When it comes to food, make freezer meals. Soups, stews, curries, sauce bases for pasta and rice, breads, all of this and much much more. You might sacrifice the total fresh taste, but it saves you a lot of time.
I grew up on freezer meals, and let me tell you the benefits definitely outweigh the sacrifice. You can cook a lot of one dish and then freeze it in smaller portions to pull out when needed. You know that you’ll come home from work late? Take it out of the freezer and thaw it on the counter in the morning, and when you come home, heat it up and eat. Make sure as you warm it up to add a little fresh something, like green chilies, fresh herbs, even some fresh lemon juice.
Otherwise, if you have time to cook every day or something but want minimal leftovers, I recommend dessertfortwo.com for scaled-down recipes.
If you have children, add them on your credit cards when they are 16-17 (only if you make the payments religiously) You do not have to even tell them.. but their credit will be building the whole time. How great it would be for them to rent their first place and be able to buy a car with out a co-signer!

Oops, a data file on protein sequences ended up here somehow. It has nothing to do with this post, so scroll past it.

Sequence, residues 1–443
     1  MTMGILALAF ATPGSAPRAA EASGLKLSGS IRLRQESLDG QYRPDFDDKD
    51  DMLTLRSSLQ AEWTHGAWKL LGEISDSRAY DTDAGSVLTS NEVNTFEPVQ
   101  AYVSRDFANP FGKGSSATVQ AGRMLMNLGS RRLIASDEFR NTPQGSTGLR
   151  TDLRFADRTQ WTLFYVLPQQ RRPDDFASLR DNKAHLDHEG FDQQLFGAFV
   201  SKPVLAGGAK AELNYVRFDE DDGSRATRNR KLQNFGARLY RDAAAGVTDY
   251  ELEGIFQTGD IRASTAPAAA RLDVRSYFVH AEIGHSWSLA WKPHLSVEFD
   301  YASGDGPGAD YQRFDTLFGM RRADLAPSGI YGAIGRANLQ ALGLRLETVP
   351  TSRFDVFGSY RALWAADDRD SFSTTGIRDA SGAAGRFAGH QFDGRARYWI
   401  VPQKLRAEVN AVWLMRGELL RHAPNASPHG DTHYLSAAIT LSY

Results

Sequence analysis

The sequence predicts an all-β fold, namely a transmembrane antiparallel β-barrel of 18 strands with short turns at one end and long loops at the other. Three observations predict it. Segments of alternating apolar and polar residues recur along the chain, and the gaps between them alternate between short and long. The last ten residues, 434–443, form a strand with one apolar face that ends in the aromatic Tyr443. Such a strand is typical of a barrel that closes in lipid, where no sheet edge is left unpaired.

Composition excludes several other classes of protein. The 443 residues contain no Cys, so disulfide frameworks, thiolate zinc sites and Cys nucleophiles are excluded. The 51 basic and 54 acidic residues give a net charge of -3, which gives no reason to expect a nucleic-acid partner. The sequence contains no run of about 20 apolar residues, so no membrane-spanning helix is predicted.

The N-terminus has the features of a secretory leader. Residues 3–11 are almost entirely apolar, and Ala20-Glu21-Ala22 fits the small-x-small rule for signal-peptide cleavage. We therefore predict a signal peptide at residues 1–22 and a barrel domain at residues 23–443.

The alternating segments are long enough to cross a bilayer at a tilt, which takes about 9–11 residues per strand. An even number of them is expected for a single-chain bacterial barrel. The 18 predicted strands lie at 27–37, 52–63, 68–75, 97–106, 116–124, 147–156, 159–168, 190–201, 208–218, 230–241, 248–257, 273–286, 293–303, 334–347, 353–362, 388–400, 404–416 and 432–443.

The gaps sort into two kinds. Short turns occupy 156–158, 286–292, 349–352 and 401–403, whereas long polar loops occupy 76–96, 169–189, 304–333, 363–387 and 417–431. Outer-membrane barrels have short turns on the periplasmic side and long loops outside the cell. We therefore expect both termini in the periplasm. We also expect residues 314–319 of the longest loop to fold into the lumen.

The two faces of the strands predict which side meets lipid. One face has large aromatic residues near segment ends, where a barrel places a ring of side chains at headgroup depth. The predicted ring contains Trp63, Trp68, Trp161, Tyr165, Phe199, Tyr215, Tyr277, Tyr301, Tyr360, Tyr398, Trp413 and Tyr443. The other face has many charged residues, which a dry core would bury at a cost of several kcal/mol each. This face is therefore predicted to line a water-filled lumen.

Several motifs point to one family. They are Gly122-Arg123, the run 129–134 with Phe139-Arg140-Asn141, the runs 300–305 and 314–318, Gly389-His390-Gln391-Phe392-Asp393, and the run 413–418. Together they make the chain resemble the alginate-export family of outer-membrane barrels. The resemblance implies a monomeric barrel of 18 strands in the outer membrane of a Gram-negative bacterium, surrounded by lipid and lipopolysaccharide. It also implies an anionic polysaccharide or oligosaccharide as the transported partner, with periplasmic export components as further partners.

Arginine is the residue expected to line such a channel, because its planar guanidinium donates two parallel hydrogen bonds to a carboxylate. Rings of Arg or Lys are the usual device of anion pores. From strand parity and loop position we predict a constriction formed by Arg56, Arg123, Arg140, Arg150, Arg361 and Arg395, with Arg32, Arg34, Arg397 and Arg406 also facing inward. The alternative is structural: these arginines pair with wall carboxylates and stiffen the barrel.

Sounds contrary, but buy a whiteboard or chalkboard for your kitchen to fight wasting food and organize meals and shopping.
We have three parts:
1. Upcoming meals. (Ingredients at home.)
2. Best by dates of stuff in the fridge. (Like fish or self-prepared foo)
3. Need to buy next shopping day.
This helps a lot to avoid wasting food and keep track of things that need to be bought. Esp. the best-by-dates-list is awesome.
We moved the meal plan to a huge self-made chalkboard now which even looks stylish in the dining room 🙂
Live somewhere you have free healthcare and human job laws ( if you can choose, I was born here, so I’m lucky).
For the small savings you may need:
Put aside the money from the bottle deposit and the change (if it is more than an hourly wage, only the coins).
At the end of the month, look in your wallet and put aside what’s in it, at least the coins.
> Helped when the stove broke and needed to be repaired.
If you can, pay a fixed amount every month into an extra account – €5, €20, €50, €100 […] it doesn’t matter, as long as the amount stays the same. I only changed the amount, when I changed my employment.